Russian President Vladimir Putin‘s call for an end to the war in Ukraine has been met with a sharp rebuke from the United States, which said the Russian leader had shown “zero” interest in peace negotiations.
“Our goal is not to spin the flywheel of military conflict but, on the contrary, to end this war,” Putin said on Thursday.
“We will strive for an end to this and the sooner the better, of course,” he said.
“All armed conflicts end one way or another with some kind of negotiations on the diplomatic track,” he added.
“Sooner or later, any parties in a state of conflict sit down and make an agreement. The sooner this realisation comes to those who oppose us, the better. We have never given up on this.”
Putin’s comments came as Ukrainian President Volodymyr Zelenskyy visited the White House and later made a stirring speech to the US Congress where he said support for Ukraine was an investment in security and democracy for the entire world.
The US also announced an additional $1.85bn in military assistance for Kyiv to coincide with Zelensky’s first known trip outside of Ukraine since Russia invaded in February.
Washington was swift in response to Putin’s peace comments.
The White House’s national security spokesman John Kirby said Putin has “shown absolutely zero indication that he’s willing to negotiate” to bring an end to the 10-month-old conflict.
“Quite the contrary,” Kirby told reporters during an online briefing. “Everything he (Putin) is doing on the ground and in the air bespeaks a man who wants to continue to visit violence upon the Ukrainian people” and “escalate the war”.
Kirby said US President Joe Biden was open to a dialogue with Putin but only if he “showed a seriousness about negotiations”.
Kirby’s statements were echoed by US Secretary of State Antony Blinken.
“Fundamentally right now, Russia has shown no interest in meaningful diplomacy, in meaningfully engaging, to bring this war to an end,” Blinken said at a press conference on Thursday, the AFP reported.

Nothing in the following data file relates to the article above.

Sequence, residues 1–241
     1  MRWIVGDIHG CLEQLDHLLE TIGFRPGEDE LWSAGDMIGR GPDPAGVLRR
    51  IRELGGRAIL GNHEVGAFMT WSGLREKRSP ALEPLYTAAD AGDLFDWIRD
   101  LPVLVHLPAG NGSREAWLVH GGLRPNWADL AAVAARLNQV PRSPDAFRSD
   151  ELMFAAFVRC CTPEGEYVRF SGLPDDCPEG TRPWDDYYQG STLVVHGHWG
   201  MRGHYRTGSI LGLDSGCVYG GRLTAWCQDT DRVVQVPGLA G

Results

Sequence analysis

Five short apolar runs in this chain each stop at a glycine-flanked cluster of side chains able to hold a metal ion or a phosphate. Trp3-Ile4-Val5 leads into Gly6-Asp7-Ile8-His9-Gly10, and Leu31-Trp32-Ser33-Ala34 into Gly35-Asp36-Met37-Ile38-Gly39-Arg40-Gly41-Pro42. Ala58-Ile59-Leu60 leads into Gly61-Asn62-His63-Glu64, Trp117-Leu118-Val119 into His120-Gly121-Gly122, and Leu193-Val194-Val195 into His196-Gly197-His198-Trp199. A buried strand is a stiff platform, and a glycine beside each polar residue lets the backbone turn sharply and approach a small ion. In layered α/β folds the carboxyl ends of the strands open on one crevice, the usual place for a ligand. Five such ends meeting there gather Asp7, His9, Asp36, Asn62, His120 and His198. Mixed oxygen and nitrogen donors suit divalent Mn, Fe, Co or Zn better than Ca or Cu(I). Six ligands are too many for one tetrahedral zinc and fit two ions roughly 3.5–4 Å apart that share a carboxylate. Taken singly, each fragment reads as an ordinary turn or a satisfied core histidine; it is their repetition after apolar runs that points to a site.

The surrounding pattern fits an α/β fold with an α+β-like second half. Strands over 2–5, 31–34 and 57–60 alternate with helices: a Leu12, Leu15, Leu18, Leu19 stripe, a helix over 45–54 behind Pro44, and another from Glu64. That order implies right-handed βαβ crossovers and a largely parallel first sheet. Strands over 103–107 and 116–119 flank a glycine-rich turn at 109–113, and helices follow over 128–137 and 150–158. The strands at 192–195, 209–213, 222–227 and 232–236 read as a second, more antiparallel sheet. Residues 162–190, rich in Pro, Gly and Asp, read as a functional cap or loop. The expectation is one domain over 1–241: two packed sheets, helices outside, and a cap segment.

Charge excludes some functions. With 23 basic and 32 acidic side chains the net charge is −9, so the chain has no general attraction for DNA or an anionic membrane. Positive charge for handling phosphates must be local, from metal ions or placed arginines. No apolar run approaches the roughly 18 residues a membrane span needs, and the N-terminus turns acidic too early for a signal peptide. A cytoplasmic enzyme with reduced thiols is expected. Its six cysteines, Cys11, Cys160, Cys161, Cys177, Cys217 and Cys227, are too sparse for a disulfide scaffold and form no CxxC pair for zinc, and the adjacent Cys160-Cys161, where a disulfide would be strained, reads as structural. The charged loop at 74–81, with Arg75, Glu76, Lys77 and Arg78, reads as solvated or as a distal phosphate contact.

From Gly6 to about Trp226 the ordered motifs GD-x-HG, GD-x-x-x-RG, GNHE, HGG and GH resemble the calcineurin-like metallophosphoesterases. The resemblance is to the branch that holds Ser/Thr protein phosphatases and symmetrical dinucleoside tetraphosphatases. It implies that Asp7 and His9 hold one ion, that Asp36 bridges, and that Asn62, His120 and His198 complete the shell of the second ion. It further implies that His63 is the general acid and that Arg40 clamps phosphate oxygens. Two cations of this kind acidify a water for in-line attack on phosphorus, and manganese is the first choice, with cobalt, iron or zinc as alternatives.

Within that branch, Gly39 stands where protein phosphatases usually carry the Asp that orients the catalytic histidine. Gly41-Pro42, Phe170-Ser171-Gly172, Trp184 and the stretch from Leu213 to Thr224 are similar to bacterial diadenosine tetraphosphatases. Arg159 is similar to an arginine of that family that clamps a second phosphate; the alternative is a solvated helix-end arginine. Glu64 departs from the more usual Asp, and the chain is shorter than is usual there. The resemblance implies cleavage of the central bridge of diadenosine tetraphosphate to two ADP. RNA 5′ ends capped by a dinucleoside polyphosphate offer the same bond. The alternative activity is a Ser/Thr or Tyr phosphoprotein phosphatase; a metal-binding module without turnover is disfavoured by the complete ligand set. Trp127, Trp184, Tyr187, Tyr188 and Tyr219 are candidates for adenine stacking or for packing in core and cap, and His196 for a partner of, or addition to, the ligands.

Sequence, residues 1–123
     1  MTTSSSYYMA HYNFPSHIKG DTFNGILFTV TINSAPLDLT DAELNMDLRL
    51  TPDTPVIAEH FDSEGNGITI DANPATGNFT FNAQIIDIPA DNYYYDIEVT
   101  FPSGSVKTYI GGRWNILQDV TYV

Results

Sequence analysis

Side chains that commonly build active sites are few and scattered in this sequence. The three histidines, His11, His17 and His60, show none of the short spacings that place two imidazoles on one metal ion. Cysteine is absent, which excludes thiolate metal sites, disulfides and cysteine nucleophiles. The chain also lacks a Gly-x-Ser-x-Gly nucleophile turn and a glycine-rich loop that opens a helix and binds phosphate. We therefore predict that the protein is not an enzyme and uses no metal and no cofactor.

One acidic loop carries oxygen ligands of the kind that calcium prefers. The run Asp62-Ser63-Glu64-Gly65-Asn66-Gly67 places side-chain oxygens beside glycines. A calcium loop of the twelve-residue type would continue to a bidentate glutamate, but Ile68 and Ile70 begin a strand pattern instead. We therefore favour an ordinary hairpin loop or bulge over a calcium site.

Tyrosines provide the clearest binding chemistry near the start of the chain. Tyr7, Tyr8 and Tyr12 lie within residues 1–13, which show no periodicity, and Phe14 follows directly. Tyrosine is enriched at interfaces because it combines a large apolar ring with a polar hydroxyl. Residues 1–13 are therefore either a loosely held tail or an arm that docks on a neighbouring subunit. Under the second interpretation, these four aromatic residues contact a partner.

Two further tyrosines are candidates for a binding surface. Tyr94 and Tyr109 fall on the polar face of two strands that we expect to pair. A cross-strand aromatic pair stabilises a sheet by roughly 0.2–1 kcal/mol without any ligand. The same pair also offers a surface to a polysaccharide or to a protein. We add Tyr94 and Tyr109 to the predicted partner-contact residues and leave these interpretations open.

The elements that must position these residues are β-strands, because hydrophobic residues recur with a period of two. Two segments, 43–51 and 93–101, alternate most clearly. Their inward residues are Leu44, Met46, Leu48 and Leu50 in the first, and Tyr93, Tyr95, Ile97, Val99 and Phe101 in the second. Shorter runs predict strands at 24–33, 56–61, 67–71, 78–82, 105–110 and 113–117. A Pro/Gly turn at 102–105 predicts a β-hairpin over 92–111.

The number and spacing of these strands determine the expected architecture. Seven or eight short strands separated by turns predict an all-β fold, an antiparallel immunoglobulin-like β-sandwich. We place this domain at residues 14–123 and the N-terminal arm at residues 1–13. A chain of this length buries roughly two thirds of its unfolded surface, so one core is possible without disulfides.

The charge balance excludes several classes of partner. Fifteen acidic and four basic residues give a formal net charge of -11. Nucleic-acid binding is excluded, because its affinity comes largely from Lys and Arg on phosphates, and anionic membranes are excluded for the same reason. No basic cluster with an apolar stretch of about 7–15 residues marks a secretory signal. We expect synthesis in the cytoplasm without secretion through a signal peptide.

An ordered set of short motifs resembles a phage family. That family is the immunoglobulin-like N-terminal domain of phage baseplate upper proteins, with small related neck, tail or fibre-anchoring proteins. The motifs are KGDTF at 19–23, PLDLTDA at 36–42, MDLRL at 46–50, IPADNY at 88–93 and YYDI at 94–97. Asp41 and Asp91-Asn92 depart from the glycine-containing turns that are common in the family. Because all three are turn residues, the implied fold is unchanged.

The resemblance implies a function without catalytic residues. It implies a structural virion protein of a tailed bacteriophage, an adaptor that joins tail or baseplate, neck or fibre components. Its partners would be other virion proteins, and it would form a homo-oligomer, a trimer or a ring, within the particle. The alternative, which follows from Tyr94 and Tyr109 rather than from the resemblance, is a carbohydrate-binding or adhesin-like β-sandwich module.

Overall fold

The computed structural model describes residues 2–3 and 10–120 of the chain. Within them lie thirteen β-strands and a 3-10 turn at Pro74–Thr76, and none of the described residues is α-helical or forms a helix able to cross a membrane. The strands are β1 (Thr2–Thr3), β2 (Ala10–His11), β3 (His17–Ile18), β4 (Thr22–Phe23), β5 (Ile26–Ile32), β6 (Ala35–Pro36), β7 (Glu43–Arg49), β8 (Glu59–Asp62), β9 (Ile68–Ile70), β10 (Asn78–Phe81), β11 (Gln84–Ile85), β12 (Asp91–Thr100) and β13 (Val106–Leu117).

The conflict, Blinken reiterated, could be ended if Russia simply withdrew its troops.
“In the absence of that, we have to see some meaningful evidence that Russia is prepared to actually negotiate a just and durable peace,” Blinken said.
“By just – one that doesn’t simply ratify another country seizing by force the territory of another,” he said.
“Durable – in the sense that we want to make sure that it holds and that we’re not simply putting Ukraine in a position where Russia is going to repeat what it did a month, six months, a year later,” he added.
Ukraine and its allies have routinely blasted the Kremlin’s statements on peace as hollow attempts to stall after months of prolonged setbacks on the battlefield.
He described the Patriots as “quite old”, in contrast with Russia’s S-300 system and said the Kremlin would seek a way to outmanoeuvre – and “crack” – the sophisticated surface-to-air missile defence system.
“An antidote will always be found,” Putin said of the Patriot system.
“So those who do it are doing it in vain. It’s just prolonging the conflict, that’s all.”
Thousands of Ukrainian civilians have perished and Ukraine’s population is enduring brutal winter conditions – with many surviving without water, power or heat amid the Kremlin’s relentless bombardment, which has been hitting “critical infrastructure”, including power stations and energy supply hubs in areas surrounding the capital and elsewhere in the country.